Yikes! After reading the Newsweek article, I'm dumbfounded. Did the author actually use a quote from another mother "But once you are a mother, you need to get over it. There is no need to whine about it?" With that thinking, I'm amazed women were able to get the vote! What would Alice Paul say? Oh, I know, how about "if your not part of solution, you are part of the problem." Maybe that is a bit harsh. To your excellent point, Amy, the author of the article may have considered that when a group of people continually talk about an issue, it is because something is wrong that needs to addressed, not swept under the rug.

9:17 PM  
Blogger PunditMom said...

Don't even get me started on yummy vs. slummy!

9:52 PM  
Anonymous coffeequeen said...

Well said!

1:35 PM  
Anonymous Anonymous said...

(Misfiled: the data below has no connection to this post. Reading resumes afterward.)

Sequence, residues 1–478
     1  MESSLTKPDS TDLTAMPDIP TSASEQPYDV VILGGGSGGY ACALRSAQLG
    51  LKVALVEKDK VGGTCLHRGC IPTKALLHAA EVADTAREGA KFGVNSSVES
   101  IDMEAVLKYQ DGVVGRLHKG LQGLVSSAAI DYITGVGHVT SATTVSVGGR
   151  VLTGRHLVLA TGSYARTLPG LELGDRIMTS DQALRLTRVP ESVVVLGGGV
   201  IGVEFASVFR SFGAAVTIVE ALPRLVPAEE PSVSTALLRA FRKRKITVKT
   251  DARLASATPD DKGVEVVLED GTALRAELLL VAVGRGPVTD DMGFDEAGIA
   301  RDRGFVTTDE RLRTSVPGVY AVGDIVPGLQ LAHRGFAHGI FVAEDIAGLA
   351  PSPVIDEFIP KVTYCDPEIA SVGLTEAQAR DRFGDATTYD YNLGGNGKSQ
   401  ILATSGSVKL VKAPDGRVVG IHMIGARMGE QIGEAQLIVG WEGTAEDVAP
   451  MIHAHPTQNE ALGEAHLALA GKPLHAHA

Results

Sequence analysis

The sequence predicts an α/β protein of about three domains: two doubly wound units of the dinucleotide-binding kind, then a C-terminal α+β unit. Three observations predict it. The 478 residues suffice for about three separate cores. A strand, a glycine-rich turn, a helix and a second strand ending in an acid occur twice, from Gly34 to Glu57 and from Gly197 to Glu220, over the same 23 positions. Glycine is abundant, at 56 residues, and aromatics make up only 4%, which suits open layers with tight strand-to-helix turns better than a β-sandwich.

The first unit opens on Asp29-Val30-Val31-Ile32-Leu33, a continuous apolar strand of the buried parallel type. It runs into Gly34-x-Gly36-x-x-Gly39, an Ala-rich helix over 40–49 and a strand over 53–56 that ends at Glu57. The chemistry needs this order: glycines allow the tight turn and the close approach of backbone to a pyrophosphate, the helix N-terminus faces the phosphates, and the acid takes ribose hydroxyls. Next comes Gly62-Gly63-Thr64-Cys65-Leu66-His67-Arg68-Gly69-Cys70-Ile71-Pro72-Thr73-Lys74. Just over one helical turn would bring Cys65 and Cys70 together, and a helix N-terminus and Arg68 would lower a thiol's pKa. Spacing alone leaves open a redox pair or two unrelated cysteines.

I agreed with Deveney. I'm a young, new mother myself--my son just turned one and my second is due in February--and I have been totally disgusted with the self-righteous tone of MANY, but certainly not ALL, of the message boards and comments on websites like BabyCenter and BabyZone. I don't think Deveney was insulting mothers who blog or post; she was criticizing those who use the internet to scold and judge mothers who don't do it their way (bottlefeed, co-sleep or not, etc.). Moms ARE narcissistic--just look at the way so many "mommies" sign off on comments to unrelated subjects. There is nothing wrong with "Parkdale Mom" except that when you're commenting on a non-motherhood related subject, like a city council election, it sounds pretentious. What about motherhood gives you some higher moral authority?

7:24 PM